Opening Balance Equity is a "special" QuickBooks account that should only be used when initially setting up a QuickBooks file. This account should always be zero once the beginning balances have been entered for a new file. If the balance is not zero, this account should be analyzed and appropriate entries made to reconcile the balance to zero. It is also quite possible that changes need to be made in the procedures used by the business to eliminate the problem in the future. If the file is just being created, or the balance is not currently zero, read on to discover how to use this account, or correct errors if they have occured.
Opening Balance Equity is the account that is used for the "other side" of the entry when beginning balances are entered when setting up new accounts. Once transactions have been entered into an account, it is no longer possible to use this method. The advantage to entering the balances in this way is that it is easier to reconcile Opening Balance Equity through the register to the beginning Retained Earnings Balance when setting up the file, then the balance can be transferred via a journal entry to Retained Earnings. If a journal entry method is used for setting up the beginning balances, there are challenges with entering the Bank (needs bank balance, outstanding checks, and deposits in transit), Accounts Receivable (needs balances by customer), and Accounts Payable (needs balances by vendor) type accounts. This situation is further complicated if there is a data entry error and Retained Earnings was used as the "off-set" to the entry. Retained Earnings does not have a register nor an easy way to create a report then drill down to actual transactions to show activity. Once the Opening Balance Equity account has been reconciled (i.e. equal to Retained Earnings on the source documents) an entry onto the register (or a journal entry) can be created to transfer the balance into Retained Earnings to again make the account zero.
As was mentioned previously, this account balance should always be zero except during the brief time of setting up a new QuickBooks data file. If the balance in this account is quite large, typically the client has set up the file themselves and only entered the balances for the accounts they knew (i.e. bank accounts, maybe A/R and A/P, etc) but the remaining accounts (fixed assets, equity accounts, loan balances, prepaids and accruals, etc) have not been entered. To correct this error, create a Balance Sheet as of the start of the file, compare it to the Balance Sheet as it should be (typically a year end financial statement or tax return prepared by the accountant) and then reconcile the two.
Following the entry and reconciliation of the beginning balances, this account should always be zero. If the Balance Sheet at the start of the file is correct, an amount is entered into this account is usually the result of one of the following situations:
1. The difference in the reconciliation of a balance sheet account was not zero, and the option was then chosen to let the software create an entry to correct the account. This problem is usually quite apparent because the journal entry has a memo says balance adjustment. To correct the error, either make an entry in the register (or a journal entry) to reclassify the amount to an appropriate account, or double click on the entry in the register to change it directly. If the amount is minor, it is probably not worth spending too much time researching it, if the amount is not immaterial, going to the reconciliation report for the appropriate time period (a printed copy of the full reconcilation in the older versions, or, in the newer versions, it is possible to print old reconciliation reports from within the software) and compare it to the bank statement to discover why the reconciliation difference was not zero.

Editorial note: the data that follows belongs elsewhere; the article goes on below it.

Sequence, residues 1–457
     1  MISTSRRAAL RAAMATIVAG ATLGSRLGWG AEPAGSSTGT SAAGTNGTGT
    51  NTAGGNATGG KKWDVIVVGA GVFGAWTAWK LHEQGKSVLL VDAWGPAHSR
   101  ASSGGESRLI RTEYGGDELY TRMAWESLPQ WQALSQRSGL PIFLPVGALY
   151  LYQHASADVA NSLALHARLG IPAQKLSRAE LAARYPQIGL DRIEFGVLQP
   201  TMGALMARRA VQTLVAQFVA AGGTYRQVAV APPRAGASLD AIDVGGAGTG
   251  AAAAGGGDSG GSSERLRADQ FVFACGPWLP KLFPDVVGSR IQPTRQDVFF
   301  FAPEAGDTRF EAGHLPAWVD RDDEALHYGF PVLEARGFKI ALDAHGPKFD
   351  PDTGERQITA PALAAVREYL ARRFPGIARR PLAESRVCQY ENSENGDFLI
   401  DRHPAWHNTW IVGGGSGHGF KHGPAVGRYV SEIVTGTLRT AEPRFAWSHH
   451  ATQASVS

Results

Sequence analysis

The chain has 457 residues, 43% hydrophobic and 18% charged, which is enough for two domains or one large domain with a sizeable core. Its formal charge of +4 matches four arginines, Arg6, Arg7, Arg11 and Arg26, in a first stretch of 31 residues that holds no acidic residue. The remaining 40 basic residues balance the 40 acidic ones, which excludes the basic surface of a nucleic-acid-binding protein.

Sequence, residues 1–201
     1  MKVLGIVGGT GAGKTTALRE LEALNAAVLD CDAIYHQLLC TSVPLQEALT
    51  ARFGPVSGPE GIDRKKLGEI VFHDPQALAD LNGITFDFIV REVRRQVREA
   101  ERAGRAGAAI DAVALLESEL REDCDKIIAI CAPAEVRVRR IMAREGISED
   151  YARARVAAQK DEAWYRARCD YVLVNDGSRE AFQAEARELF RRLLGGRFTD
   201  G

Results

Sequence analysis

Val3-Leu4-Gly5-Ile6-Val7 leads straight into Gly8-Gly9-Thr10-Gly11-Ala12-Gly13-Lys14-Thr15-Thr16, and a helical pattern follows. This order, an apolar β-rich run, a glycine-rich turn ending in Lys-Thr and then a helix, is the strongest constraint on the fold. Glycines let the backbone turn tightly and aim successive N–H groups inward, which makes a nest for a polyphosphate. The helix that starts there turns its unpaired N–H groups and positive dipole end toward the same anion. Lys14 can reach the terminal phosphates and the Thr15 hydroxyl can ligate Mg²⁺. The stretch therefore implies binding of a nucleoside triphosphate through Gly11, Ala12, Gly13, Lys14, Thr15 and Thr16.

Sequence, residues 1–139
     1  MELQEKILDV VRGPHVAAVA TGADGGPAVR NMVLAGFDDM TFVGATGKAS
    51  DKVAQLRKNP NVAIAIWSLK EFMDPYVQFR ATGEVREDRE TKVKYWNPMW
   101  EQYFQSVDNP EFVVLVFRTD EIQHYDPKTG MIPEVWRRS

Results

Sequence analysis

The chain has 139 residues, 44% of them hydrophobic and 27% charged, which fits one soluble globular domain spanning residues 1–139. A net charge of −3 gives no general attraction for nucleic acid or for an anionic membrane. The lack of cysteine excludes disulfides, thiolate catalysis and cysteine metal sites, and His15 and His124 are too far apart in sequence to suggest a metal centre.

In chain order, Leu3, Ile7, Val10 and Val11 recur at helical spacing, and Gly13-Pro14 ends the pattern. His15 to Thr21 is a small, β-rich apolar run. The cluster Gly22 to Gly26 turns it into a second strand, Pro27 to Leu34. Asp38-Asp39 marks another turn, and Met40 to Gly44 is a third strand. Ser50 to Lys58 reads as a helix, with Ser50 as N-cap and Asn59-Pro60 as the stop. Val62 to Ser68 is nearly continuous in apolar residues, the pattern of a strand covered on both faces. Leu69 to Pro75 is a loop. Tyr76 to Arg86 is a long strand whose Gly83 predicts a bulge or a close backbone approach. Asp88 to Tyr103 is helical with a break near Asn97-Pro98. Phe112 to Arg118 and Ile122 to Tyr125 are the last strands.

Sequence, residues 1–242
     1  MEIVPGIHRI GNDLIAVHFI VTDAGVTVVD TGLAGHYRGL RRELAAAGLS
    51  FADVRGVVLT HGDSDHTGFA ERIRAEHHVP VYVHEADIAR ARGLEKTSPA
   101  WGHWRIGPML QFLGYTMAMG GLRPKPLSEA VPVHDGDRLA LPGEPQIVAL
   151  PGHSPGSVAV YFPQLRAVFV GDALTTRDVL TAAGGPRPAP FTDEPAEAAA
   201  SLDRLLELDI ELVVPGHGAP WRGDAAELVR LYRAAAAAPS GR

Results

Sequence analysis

2. A new account was created, and the transactional data was not entered, but rather the beginning balance was entered when creating the new account. This happens quite frequently with loan accounts. The client will know there is a new loan, and when creating the new liability account will enter the amount borrowed at the bottom of the new account screen as the beginning balance as of the date of the loan. This creates an entry with a debit to Opening Balance Equity and a credit to the loan account. The loan looks correct, but the debit is not. Typically the loan was for a fixed asset, or as working capital being deposited into the bank account. The result can often become complicated. For example, if it was a working capital loan, the deposit into the bank account may be entered as income in error distorting the Profit and Loss report as well. When a new account is created after the original set up of a new file, the transaction needs to be entered, not just a balance on the new account screen.
3. A transaction was coded directly to this account, rather than the proper general ledger account. Occassionally this account will be used as a "suspense" or "ask accountant" account. Although this method is not encouraged, assuming the accountant is aware of the account and understands that it should be zero, it can be used as a "holding" account for unusual transactions that need to be reconciled.
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Bonnie J. Nagayama, CPA (925-247-0100) has been featured by Intuit in their QuickBooks Advisor Spotlight and frequently teaches and consults on using QuickBooks to its maximum advantage. For a FREE weekly newsletter of QuickBooks tips and tricks, plus many free and low cost QuickBooks resources visit www.4luvofbiz.com.